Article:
This weekend’s Big Bike Beatdown in Santa Barbara featured another two-day, two-wheeled brawl while grown men with nothing better to do risked life and limb on shitty roads as they dodged cracks, slammed into potholes, narrowly avoided oncoming traffic, wantonly broke sporadically enforced yellow-line rules, and shook their heads in fury while the braindead moto ref stopped the entire peloton three times for a “pee break.” After the dust settled, a few things were clear:
- 90% of the full-on, raging masters peloton would be completely burned out by the middle of March.
- 95% of the full-on, raging masters peloton had done enough races so far this year (four) to have a perfect excuse not to show up at Boulevard next weekend.
- You can’t make chicken salad out of …
While Facebook broke most of the Internet with repeated posts of race results (“Look! Freddy got 45th in the Cat 3′s! Good job!”), the first real race of the year revealed itself, and it’s a race that we’re going to keep seeing for the next eight months. Yes, the Fastest Legs in the West squarely beat the Best Bike Handler in the West. But it was close, and it promises to get better.
Tale of the tape
In this corner we have Charon (pronounced “faster than you”) Smith, the best crit racer in his 35+ age group. Charon wins more races in a season than most racers even enter. He combines dedicated training, natural speed, courage when things get gnarly, and a profound sense of fair play to produce winning results year in and year out on the SoCal crit scene. Despite the fact that he’s an easygoing guy, he’s a keen competitor, a leader, and great source of inspiration for a lot of people.
It wasn’t too long ago that Charon was essentially racing for himself, having to scrape out every single win singlehandedly. By racing consistently, fairly, and by always congratulating his opponents — win, lose, or draw — he has gathered a strong following of friends who gradually morphed into the best 35+ team in Southern California. No longer forced to race by himself or with one or two teammates, Charon is now backed with serious horsepower in the form of Kayle Leo Grande, John Wike, Ben Travis, Rob Kamppila, and the other first class racers who make up Surf City’s race team. More importantly, Charon’s optimistic attitude and positive message have helped create a team that firmly believes it’s on a mission to win, and win, and win.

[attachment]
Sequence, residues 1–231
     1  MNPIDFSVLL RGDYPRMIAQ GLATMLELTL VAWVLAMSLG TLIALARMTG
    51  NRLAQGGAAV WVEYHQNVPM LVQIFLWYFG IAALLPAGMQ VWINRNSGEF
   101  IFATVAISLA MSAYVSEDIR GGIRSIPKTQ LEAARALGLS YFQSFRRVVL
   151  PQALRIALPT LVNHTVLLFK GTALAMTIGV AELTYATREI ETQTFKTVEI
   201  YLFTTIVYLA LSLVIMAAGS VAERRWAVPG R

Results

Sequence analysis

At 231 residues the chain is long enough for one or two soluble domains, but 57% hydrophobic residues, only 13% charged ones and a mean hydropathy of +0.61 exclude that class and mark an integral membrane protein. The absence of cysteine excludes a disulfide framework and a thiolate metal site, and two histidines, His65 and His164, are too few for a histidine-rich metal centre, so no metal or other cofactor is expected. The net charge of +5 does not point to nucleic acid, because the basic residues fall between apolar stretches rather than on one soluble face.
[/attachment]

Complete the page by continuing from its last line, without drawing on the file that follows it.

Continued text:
With only a handful of races into the season in the bag, Charon’s team has far and away the most victories. Proving that it’s a team, Surf City is stacking podiums, stacking breakaways, and sharing the victories and placings among the teammates. But make no mistake about it: The team’s anchor is Charon, and when the heavy artillery starts firing in a field sprint, he’s the guy lobbing the 16-inch shells.
And in the other corner …
We have Aaron Wimberley, about as different from Charon as a cobra is from a tiger. First of all, the boy has a full head of hair, so you could say he’s won the battle right off the bat. But since it’s not a hair styling contest, we have to judge these two guys on their bikes. Where Charon is the quickest guy on two wheels, Aaron is the best bike handler. Only a few guys have Aaron’s skills — John Wike, the bike wizard who also rides for Charon, and Phil Tinstman come to mind. Aaron has rocketed up the ranks from lowly Cat 5 to getting a bronze medal at nationals on a fiendishly technical course.
He’s unbelievably quick and has off-the-chart race smarts. Scientific, methodical, and unwilling to count further down than first place, Aaron has been in the wilderness for the last couple of years riding with little support and lots of second-place finishes in a crit scene dominated by team efforts. This year, however, he’s moved over to SPY-Giant-RIDE, the best team in the galaxy. (Disclaimer: It really is.) Aaron rides like a gunslinger. Independent, self-reliant, takes no shit from anyone, and is more than happy to explain your shortcomings to you in colorful language. I will never forget the time he described my jumps as something akin to “watching a big blue bus go up a steep hill dragging a space shuttle.”
The question this year is whether Aaron’s new alliance with the best team in the galaxy will create the teamwork and support he needs to beat the Fastest Legs in the West (for an old dude). Judging from the finish at the Mothballs Crit this past Sunday, it could happen.
Roaring into the final 200 meters Charon had the help of Kayle Leo Grande, himself one of the fastest finishers in the 35′s, as a lead-out. Even against these two motors, Aaron managed a very respectable second, with Charon winning comfortably but not easily, but it’s my guess that Aaron’s not showing up in hopes of getting second. More organization and support from SPY-Giant-RIDE teammates could well prove to be the final push that Aaron needs to win against Charon in a drag race.
What to look for
SoCal has few crits that are technical enough to give Aaron a chance to use his bike handling edge. Most of the races are four-corners, wide, and they finish with a fast man throwdown. However, there are some exceptions. Look for Mike Hecker’s 805 Crit series to provide challenging courses, potentially huge crosswinds, and an arena where Charon’s flat-out speed may be offset by Aaron’s wizardry in the turns. The San Marcos Crit will also be a place to see bike handling and a slight bump take the sting out of a drag race finish.
And of course any given race has an amazing crop of first-class speedsters fully capable of winning. Danny Kam, Phil Tinstman, Mike Easter, Chris DeMarchi, Rudy Napolitano, John Abate, Michael Johnson, Randall Coxworth, Jamie Paolinetti, John Wike, Ivan Dominguez, Eric Anderson, Brian Cook, Josh Alverson, Patrick Caro, and Karl Bordine are all 35+ riders who stood on the top step in a crit in 2013. There’s no reason to think they won’t be going for the top step again this year.